When Rick Cary was in graduate school in Tennessee some years ago, a friend told him of the strange deaths of two young ministers of a religious congregation called Signs Following, one of a number of such independent, non-affiliated congregations throughout the Southeast bearing that name. The ministers had died after being bitten by venomous snakes that figured in the group’s services.
“The press reported the deaths in a sensationalistic way,” Rick recalls, “and that drew my attention on the basis of, at that time, morbid curiosity.”
Now, however, Rick has been drawn to the Signs Following believers of the Appalachians from a different perspective as a documentary photographer, one of only a handful allowed to photograph some of the members of these reclusive congregations and to record the kind of profound spiritual faith that they believe can bring the power to conquer death, not only from the bites of rattlesnakes, copperheads or water moccasins but from drinking poisons like strychnine. “Handlers and congregants fully realize death can occur,” Rick says. “They believe God either gives them victory over the serpents or He does not. If not, and they die, it’s God’s will.”
The choice of subject was somewhat of a departure for Rick, who has built a reputation as a fine arts photographer, winning critical notice several years ago for his haunting series of photographs taken inside the New Orleans warehouses where the bits and pieces of Mardi Gras floats lay jumbled together in between the annual event. “I put no credence in the prevailing prejudice that one type of photography is superior to another or there are absolute borders between art forms,” Rick says. “I see both fine arts and documentary as valid art forms that enrich our lives in important ways.” (Rick also serves as Dean of Fine Arts and Professional Programs at Mars Hill College.)
Rick was reminded of the Signs Following congregations during a visit nearly a decade ago from an old friend living in rural Appalachia, one of whose neighbors happened to be the Reverend Jimmy Morrow, a name Rick remembered from the reports of the two ministers’ deaths years earlier, at which Reverend Morrow had been present. “At the time I was considering expanding my artistic interests to include documentary work and so I decided to research the Signs Following tradition,” Rick says. “It led me to a deeper and more respectful understanding of this uniquely Appalachian Mountain religion, its practices and its people.”
It’s thought the practice of snake-handling as an expression of Christian faith first arose in about 1910 in southeastern Tennessee. Signs Following congregations can now be found from central Florida to West Virginia, and as far west as Ohio, all basing their faith on a Biblical passage from Mark: “And these signs shall follow them that believe; in my name…they shall take up serpents; and if they drink any deadly thing, it shall not hurt them.”
While there are some 90 documented cases of death by snakebite among Signs Following believers, prosecutions in such religious contexts are rare because of First Amendment protections, as long as handlers don’t force members to take up snakes or otherwise endanger other congregants or the public in general. “Most churches have a special altar area with a wall, behind which handlers do their thing,” Rick says.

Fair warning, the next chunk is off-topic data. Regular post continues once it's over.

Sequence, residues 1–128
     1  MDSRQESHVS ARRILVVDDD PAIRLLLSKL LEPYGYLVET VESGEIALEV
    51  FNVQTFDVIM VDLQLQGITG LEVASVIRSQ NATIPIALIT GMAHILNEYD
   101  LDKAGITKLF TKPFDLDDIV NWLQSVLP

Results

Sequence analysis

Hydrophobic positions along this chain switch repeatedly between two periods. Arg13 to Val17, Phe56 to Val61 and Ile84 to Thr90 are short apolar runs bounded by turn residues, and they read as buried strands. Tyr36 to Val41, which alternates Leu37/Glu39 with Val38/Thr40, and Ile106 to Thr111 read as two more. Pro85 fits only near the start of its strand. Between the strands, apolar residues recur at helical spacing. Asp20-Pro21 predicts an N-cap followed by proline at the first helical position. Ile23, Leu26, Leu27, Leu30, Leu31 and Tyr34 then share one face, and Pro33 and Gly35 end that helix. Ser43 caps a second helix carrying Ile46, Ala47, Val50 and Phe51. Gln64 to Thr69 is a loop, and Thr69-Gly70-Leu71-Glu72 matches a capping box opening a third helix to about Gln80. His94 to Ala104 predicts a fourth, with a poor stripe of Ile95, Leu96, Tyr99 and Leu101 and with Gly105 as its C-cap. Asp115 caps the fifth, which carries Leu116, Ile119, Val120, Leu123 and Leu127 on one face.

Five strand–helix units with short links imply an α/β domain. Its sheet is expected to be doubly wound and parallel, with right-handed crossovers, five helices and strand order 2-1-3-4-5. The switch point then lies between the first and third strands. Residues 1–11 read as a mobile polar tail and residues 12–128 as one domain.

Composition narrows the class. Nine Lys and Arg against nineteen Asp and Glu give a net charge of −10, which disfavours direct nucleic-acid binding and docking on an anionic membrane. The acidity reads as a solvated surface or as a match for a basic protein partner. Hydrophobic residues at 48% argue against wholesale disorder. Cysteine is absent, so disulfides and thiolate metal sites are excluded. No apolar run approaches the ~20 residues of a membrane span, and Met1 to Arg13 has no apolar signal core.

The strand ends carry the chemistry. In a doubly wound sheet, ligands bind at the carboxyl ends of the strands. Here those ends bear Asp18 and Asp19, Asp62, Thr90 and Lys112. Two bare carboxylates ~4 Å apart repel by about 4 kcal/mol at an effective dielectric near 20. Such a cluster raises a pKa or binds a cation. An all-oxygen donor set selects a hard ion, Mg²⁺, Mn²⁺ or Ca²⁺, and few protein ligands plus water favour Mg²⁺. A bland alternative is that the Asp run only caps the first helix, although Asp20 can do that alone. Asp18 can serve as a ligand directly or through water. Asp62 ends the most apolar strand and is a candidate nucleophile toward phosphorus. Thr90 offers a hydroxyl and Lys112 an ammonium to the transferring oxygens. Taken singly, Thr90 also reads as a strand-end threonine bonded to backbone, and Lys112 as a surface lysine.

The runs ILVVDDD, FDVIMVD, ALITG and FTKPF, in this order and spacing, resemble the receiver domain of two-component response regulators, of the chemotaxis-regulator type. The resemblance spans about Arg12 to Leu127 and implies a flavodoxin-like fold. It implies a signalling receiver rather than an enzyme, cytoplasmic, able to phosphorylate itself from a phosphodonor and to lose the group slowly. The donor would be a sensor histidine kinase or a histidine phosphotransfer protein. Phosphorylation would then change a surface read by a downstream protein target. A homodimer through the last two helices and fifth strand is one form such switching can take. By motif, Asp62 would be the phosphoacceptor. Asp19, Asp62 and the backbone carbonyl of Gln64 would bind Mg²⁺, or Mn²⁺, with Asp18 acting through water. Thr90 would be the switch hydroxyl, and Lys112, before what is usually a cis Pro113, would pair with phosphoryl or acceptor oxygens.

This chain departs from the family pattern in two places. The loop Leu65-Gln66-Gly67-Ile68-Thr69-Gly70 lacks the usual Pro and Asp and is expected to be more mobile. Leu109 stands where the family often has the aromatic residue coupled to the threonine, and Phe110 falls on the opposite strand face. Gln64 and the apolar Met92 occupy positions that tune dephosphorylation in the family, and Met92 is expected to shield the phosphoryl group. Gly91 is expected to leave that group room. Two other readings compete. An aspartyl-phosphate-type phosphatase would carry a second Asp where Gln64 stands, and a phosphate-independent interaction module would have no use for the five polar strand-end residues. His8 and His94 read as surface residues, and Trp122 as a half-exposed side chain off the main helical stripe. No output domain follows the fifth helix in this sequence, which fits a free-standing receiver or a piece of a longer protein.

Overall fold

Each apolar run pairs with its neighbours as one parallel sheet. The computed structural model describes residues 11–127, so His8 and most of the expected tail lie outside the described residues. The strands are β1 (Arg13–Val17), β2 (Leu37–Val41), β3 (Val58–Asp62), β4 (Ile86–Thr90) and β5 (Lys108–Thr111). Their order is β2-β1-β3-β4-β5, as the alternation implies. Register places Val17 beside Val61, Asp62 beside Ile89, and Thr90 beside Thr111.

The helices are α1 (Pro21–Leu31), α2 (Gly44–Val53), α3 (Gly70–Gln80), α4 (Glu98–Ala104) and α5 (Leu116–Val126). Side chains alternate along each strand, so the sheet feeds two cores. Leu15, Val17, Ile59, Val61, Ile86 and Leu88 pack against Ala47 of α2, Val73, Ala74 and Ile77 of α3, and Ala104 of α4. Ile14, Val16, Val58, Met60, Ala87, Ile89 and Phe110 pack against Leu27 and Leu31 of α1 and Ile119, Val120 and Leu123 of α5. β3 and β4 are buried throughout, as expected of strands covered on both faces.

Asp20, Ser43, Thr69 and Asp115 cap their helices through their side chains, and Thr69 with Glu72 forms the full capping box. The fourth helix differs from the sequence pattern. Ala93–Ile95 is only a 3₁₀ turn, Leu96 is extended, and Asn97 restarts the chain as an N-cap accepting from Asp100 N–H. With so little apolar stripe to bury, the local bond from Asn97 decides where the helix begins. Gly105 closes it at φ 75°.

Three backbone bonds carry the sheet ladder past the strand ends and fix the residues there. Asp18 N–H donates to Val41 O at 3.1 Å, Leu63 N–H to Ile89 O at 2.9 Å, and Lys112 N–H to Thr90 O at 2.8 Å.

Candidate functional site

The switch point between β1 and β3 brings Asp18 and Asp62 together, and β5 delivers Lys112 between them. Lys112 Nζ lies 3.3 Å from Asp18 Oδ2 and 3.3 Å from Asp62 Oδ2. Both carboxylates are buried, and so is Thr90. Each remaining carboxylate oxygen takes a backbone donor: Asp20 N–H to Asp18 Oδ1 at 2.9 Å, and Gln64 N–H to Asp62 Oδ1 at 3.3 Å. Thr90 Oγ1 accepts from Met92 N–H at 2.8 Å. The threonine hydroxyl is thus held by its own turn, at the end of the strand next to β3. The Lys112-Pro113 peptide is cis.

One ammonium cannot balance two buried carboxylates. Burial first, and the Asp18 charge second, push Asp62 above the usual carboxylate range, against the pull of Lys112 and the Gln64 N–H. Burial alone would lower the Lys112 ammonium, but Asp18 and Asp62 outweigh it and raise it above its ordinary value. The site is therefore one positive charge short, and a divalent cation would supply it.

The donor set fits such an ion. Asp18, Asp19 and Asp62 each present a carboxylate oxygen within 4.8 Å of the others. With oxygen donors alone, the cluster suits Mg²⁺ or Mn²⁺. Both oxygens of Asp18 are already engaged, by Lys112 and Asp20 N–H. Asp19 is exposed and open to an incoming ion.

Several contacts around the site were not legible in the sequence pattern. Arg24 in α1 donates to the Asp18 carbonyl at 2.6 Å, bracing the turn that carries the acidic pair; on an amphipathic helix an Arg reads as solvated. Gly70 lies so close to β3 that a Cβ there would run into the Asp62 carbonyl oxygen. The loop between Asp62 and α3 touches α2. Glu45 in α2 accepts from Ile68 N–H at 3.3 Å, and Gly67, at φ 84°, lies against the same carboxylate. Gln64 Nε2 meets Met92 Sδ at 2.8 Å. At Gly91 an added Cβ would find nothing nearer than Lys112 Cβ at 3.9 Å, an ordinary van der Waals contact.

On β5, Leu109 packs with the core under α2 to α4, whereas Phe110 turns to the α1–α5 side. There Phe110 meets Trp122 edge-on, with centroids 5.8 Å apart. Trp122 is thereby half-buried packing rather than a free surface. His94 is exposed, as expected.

Nonetheless, Signs Followers remain deeply suspicious of outsiders. If it wasn’t for his friend’s introduction to Reverend Jimmy, Rick would likely not have been allowed access. “Reverend Jimmy’s the exception among the Signs Following ministers,” Rick explains. “He’s said that he had a dream when he was a teenager in which God directed him to preach to a million people, and he reasoned one way to accomplish this was through photography and video.
He welcomed me to his church services and immediately agreed to the photography project. He and I and his lovely wife have become good friends.” It helped, too, that the Reverend is an artist himself, producing religious-themed paintings that Rick is also documenting through videos and a planned book.
The artistic challenge for Rick in photographing Reverend Jimmy’s services was to capture the authenticity of the believers’ faith without sensationalizing their practices — without making them seem, in Rick’s words, “like a freak show. Reverend Jimmy is a charismatic preacher who wants to be the center of people’s attention, but some people differ in their sensitivity to being photographed. I never ask people to pose. I simply talk to people respectfully and later give them copies of the pictures. If I felt that anyone was posing or changing their behavior because of the camera, I would shoot anyway but those images would not survive the editing stage.”
A selection of the photographs, which comprise Rick’s documentary “Credo” series (after the Latin for “I believe”), has been exhibited at Manhattan’s Abrons Art Gallery, with other venues under consideration for future shows. Meanwhile, Rick continues to travel to congregations in remote parts of West Virginia, Kentucky and Tennessee to document the next generation of Signs Followers. “My job is to capture the visual aspects of these people’s experience,” Rick says. “My first experience in a service in which poisonous snakes were handled was one of fear, but not of the snakes. It was fear that this was a great privilege and I better not push the wrong button on the camera.”